What Makes a Woman?
by Elinor Burkett
Oh, NY Times Sunday Review, no.
This strikes me as one of the most mean-spirited op-ed contributions I've read in some time. I mean, good lord.
First off, we're not even going to get into the repeated, incorrect use of the name "Bruce" in this op-ed, and we're not even going to address the horrible analogy between transgenderism and some fictional person transitioning from white to black. We're not even going to waste the space. (But just quickly: o_O)
After painting a dismissive picture of Caitlyn Jenner's general entrée to the world, the piece begins with this assertion:
People who haven’t lived their whole lives as women, whether Ms. Jenner or Mr. Summers, shouldn’t get to define us.
Sure, Larry Summers of Harvard, I follow for this argument. Larry Summers was essentially arguing that tiny ladybrains aren't equipped to handle complex maths and sciences, because apparently it's 1950 and colleges are for Mrs. and Early Childhood Education degrees.
But with regard to Caitlyn Jenner, Burkett seems to be deliberately misunderstanding transgenderism. Jenner's statement to Diane Sawyer about her brain wasn't rooted in science, and Jenner isn't at the head of an internationally lauded research institution, nor is Caitlyn Jenner is not the neuroscientist quoted later in the piece. Caitlyn Jenner is a celebrity, and a transwoman, and she was speaking to Sawyer about emotion and lived experience, not about the physical structure of neurons and grey matter.
Just for starters, as a delayed amuse-bouche if you will, that feels more worthy of one of XO Jane's embarrassing clickbait entries than it does the NYT (well, maybe not lately, now that I think about it), the author calls Caitlyn Jenner a man:
And as much as I recognize and endorse the right of men to throw off the mantle of maleness, they cannot stake their claim to dignity as transgender people by trampling on mine as a woman.
A transgender woman is not a man. A cisgender woman is not a man. A transgender woman is a woman. A cisgender woman is a woman. How is this hard?
Moving on from there to more esoteric concerns than questions of socio-linguistic respect (because my pregnancy hormones will make my head pop off if I think any further about how easy it is to get man/woman right in a discussion of transgender people)...
Their truth is not my truth. Their female identities are not my female identity.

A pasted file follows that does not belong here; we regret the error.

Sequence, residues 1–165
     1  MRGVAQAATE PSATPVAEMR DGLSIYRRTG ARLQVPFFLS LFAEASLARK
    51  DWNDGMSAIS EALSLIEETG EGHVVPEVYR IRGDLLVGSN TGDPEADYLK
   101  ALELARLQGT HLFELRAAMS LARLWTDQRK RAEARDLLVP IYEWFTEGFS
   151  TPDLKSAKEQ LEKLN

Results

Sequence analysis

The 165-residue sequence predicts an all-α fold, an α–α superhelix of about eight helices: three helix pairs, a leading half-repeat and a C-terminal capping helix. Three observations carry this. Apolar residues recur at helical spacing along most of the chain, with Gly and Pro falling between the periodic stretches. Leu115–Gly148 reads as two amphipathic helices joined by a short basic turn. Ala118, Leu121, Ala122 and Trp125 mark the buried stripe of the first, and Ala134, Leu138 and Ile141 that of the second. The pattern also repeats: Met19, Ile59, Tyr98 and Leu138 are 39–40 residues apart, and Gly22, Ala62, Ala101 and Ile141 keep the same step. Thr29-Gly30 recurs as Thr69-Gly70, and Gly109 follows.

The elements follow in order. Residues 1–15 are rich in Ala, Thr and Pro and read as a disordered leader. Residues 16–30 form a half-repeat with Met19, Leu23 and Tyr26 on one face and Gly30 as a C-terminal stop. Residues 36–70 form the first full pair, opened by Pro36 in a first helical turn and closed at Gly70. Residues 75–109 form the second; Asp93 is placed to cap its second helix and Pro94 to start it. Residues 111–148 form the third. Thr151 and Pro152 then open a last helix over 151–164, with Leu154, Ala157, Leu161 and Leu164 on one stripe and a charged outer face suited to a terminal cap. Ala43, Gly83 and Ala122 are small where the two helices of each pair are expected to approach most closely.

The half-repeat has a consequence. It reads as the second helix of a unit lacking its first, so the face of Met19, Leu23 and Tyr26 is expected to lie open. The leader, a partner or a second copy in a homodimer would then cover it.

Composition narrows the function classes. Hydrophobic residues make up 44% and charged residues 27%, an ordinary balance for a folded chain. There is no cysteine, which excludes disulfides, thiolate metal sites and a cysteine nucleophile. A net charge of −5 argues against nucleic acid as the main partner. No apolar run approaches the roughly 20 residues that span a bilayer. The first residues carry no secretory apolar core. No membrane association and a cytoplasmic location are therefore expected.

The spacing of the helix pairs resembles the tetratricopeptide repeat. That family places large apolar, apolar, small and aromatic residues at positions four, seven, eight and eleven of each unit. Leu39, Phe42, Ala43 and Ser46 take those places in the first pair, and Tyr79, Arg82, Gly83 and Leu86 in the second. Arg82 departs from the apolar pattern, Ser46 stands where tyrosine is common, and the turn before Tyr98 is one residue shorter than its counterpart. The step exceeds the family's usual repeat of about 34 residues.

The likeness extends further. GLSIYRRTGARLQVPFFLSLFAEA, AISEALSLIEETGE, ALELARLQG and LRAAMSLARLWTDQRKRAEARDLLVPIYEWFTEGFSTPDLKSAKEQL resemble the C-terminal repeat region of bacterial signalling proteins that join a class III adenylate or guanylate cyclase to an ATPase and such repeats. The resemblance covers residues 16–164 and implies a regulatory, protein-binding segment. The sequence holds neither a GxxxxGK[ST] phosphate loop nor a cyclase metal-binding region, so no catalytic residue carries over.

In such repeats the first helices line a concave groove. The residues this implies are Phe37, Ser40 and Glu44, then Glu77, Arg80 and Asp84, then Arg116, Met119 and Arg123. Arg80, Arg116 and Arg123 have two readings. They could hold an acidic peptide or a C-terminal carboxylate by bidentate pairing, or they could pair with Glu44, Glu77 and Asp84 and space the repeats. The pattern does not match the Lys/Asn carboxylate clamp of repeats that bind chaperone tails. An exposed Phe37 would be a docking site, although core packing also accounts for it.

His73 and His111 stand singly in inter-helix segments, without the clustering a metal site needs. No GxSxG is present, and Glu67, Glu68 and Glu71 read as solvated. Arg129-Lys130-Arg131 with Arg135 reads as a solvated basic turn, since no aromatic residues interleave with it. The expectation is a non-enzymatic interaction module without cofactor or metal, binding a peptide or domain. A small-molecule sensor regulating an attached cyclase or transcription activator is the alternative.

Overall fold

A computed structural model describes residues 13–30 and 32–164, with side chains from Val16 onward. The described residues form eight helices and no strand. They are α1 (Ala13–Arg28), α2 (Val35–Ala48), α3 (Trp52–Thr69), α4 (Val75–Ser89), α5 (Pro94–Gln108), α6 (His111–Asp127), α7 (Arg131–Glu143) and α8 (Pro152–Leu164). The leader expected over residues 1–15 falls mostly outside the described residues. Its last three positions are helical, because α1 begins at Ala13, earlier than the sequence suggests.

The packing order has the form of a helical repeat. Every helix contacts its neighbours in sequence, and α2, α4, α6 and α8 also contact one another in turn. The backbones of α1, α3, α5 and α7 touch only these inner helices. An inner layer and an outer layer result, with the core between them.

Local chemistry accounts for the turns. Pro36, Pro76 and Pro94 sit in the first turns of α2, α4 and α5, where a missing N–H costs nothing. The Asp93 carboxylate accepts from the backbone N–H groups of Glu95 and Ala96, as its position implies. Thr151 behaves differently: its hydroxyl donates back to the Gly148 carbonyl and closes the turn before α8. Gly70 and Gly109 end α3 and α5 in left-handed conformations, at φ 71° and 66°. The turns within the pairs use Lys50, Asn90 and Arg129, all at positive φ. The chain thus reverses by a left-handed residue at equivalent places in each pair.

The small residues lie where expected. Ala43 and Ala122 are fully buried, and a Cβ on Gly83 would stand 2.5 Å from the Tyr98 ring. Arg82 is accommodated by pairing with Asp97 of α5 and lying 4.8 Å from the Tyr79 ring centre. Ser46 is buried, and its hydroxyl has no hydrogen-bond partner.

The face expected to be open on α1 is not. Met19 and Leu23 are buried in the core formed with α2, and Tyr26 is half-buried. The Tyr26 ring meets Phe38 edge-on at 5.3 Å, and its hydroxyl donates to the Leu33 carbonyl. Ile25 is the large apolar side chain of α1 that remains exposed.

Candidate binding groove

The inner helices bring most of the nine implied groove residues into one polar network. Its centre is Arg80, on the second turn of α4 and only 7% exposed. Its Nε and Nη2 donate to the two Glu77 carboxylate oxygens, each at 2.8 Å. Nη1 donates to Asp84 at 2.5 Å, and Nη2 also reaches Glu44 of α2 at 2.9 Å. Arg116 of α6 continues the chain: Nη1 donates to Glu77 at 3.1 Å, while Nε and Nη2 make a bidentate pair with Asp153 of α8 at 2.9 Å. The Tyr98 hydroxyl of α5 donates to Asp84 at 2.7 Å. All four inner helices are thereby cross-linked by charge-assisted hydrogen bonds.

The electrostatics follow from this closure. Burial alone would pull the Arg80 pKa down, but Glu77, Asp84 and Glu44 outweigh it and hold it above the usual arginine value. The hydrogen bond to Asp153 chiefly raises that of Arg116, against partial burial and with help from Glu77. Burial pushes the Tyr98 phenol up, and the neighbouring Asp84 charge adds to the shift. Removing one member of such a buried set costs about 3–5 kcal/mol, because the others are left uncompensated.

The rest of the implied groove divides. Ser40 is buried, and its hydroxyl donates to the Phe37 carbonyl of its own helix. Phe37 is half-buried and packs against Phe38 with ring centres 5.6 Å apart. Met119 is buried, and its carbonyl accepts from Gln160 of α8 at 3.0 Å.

Yeah, no kidding. And my female identity isn't your female identity either. How is this hard? (And how did this get space in the NYT Op-Ed page? This is as bad as when they let Sofia Vergara's ex bully-pulpit her about their cryopreserved embryos.)
Furthermore, Burkett reeeeeeally missed the flashing-lights memo that's everywhere about how demeaning it is to insist on cisnormative beauty/handsomeness standards to qualify as a "successful" trans person. This is what approximately 65% of her argument is staked on: That it's taken as read that we should reward only traditional standards of appearance, rather than remember that not all transpeople have access to the treatments and procedures that Caitlyn Jenner and Laverne Cox, etc., have availed themselves of. (A point on which Cox was very concise and poetic recently, to great social media effect; I saw it everywhere. If Burkett had been paying attention to anything trans before picking up Vanity Fair, I suspect she would've seen it, too.)
Look. I fully acknowledge that I am not a first-wave feminist. Nor am I really a second-wave feminist. Having been born in the early '80's, I'm in that weird sandwich generation that wasn't always concerned with intersectionality (assuming you got started on your feminism young, as I did) but also didn't have to scour ads for "help wanted - female." I acknowledge that. (Because, again, it's not hard: my lived experience is not Burkett's lived experience. Yet somehow we're both women. How is this hard?)
But that there are ciswomen out there who have gone through the wringer of early feminism does not make transwomen any less women. And the idea that speaking to one's lived experience as a transwoman somehow "undermine[s] almost a century of hard-fought arguments that the very definition of female is a social construct that has subordinated us," is like saying the strawberries for the shortcake are moldy, so we have to throw the burgers out. Transgenderism is only possible because the very definition of any gender is a social contract that subordinates people.
You don't even have to agree that "vagina" is an exclusionary term (in the context Burkett discusses, I don't think it is), or think pro-choice groups should omit the word "woman" from their mission statements (I don't think they should), or hold an opinion about whether The Vagina Monologues could stand updating with a transwoman's story or read as a period piece (I vote period piece) to understand that equality and respect are not zero-sum.
As a parting thought:
Many women I know, of all ages and races, speak privately about how insulting we find the language trans activists use to explain themselves.
Ms. Burkett, I think you need to meet some new women, because I know plenty who agree with your cohort, but I know plenty who don't, too.
Someone find me a gif of somebody screaming to the sky, "HOW IS THIS HARD?!"